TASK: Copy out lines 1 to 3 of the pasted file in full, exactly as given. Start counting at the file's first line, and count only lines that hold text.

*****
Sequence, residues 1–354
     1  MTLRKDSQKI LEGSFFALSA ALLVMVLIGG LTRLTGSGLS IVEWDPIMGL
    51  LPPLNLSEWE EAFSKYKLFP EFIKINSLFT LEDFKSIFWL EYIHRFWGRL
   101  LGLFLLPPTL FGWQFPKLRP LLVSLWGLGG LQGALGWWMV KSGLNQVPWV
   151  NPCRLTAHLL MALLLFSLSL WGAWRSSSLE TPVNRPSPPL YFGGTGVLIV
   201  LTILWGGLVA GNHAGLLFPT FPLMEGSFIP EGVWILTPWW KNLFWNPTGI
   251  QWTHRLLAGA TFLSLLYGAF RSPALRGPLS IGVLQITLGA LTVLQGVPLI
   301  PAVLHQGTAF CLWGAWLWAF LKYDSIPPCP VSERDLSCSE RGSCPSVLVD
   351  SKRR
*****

Sequence, residues 1–354
     1  MTLRKDSQKI LEGSFFALSA ALLVMVLIGG LTRLTGSGLS IVEWDPIMGL
    51  LPPLNLSEWE EAFSKYKLFP EFIKINSLFT LEDFKSIFWL EYIHRFWGRL